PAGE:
You will notice that the above script will fail during the assertion step and will take a screenshot of that page along with the video.

Taking Screenshots in Headless Mode

Taking Screenshots in Headless Mode

Sometimes, in a test case, we may need to take screenshots of a particular screen while executing the spec file. For that, we can use the cy.screenshot() command to take a screenshot. This command can be used for both the headless and headed mode. 

Please refer below code to take screenshots while executing the test spec,

 describe('template spec', () => {
it('passes', () => {
//Visiting the browserstack website
cy.visit('https://browserstack.com')
//Making text assertion in browserstack home page heading
cy.get('h1').should('have.text','App & Browser Testing Made Easy')
//Takes screenshot after executing above step
cy.screenshot()
})
})

Cypress Headless Mode and CI/CD integration

Executing Cypress in headless mode is similar to running from the terminal. Also, you can pass the command inside package.json file to execute the script directly.

For example, let’s execute our script headlessMode.cy.js. We need to add the following piece of block inside the package.json file as mentioned below,

 "scripts": {
"cy:headless":"cypress run --headless --spec cypress/e2e/headlessMode.cy.js"
}

Save that package.json file and execute the below command to trigger the specified script inside the package.json file from the terminal,

npm run cy:headless

Once you execute the above command, you will notice that Cypress will execute the specified spec file in headless mode. This change can be pushed into the CI/CD environment, and that script can be executed directly from CI/CD.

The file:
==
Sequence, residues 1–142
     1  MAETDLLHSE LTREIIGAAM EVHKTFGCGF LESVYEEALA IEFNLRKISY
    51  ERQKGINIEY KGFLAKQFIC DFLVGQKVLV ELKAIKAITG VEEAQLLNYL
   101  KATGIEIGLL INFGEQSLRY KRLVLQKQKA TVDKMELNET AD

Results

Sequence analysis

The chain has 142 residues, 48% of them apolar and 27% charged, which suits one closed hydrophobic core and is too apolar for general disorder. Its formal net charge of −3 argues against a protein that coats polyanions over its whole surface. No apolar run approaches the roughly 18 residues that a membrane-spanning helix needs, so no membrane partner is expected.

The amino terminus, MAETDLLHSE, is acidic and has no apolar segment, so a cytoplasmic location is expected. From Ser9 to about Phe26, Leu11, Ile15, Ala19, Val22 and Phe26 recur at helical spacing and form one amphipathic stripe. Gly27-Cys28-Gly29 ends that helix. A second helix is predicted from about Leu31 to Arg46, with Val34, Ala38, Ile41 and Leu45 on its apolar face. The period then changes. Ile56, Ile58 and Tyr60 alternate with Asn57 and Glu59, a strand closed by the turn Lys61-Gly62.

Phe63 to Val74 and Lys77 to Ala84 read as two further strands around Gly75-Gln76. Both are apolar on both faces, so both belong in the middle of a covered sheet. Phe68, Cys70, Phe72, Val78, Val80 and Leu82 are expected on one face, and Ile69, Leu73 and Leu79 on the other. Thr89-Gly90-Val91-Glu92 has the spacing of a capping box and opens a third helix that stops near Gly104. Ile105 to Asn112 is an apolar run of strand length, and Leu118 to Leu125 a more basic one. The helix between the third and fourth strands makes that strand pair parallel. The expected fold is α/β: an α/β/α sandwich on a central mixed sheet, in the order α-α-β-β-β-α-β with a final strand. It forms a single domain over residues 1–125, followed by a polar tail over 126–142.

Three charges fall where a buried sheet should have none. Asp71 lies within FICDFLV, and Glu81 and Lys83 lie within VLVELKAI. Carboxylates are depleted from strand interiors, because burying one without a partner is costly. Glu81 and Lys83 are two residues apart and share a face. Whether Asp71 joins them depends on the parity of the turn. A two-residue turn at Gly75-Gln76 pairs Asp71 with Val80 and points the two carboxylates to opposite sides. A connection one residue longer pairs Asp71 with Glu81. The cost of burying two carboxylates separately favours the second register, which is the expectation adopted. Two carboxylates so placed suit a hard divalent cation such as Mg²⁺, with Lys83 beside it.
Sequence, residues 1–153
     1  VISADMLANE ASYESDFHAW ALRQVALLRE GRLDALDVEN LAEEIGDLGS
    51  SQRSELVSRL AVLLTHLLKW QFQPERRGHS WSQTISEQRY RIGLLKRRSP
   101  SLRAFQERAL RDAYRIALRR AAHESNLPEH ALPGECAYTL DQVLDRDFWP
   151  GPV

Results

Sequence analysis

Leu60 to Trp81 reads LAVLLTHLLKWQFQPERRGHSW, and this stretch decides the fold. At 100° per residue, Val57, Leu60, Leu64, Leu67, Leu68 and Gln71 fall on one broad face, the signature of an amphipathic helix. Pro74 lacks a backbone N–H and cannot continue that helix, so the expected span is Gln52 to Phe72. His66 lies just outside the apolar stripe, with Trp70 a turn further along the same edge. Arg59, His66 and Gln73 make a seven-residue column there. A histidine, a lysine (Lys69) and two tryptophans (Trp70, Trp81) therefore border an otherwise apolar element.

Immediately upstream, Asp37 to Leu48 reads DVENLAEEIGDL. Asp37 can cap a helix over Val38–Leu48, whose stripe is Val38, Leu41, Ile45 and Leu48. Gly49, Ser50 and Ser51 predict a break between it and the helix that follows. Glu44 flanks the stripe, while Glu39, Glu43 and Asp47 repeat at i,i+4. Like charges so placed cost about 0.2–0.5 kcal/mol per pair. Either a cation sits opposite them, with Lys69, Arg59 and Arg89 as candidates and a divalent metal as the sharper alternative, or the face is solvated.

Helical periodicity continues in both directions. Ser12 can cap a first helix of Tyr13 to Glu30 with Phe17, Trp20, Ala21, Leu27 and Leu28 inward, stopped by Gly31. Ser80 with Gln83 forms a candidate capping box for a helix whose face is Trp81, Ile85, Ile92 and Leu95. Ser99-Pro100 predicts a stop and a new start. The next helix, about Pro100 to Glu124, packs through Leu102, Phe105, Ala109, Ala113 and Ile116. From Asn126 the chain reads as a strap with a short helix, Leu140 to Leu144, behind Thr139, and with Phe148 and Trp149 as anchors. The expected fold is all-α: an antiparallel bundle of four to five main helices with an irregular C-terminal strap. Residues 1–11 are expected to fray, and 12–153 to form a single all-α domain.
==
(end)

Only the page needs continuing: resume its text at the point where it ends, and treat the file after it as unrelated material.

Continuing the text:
Best Practices for Cypress Headless Mode Testing

By default, Cypress deletes screenshots and videos before executing a test case. Sometimes we may need to view the screenshots or videos of the previously executed test cases. In that case, we may need to add a parameter – trashAssetsBeforeRuns inside the cypress.config.js file as below,

const { defineConfig } = require("cypress");

module.exports = defineConfig({
e2e: {
setupNodeEvents(on, config) {
// implement node event listeners here
},
trashAssetsBeforeRuns: false
},
});

By making trashAssetsBeforeRuns false, we ask Cypress not to delete the content of the video and screenshot folder. This will help us clearly debug the failed test case while executing in headless mode.

Troubleshooting Headless Mode Errors

While executing a test case in headless mode, Cypress will take a screenshot when it fails. We can determine the exact reason for that failed spec file with that screenshot. Also, it records video by default, giving us a clear picture of why the test case failed.

Conclusion

Using Cypress in headless mode can significantly speed up your testing process and make it more efficient. However, certain best practices should be followed to ensure that your tests run smoothly and deliver accurate results. 

By properly configuring your Cypress environment, leveraging custom commands, and implementing effective testing strategies, you can ensure that your tests provide valuable feedback and help improve the quality of your web applications.

Cypress is an emerging testing framework and can test it across multiple devices. Browserstack provides you with a robust infrastructure to access: 

Automate your Cypress Testing

Tags
Automation Testing Cypress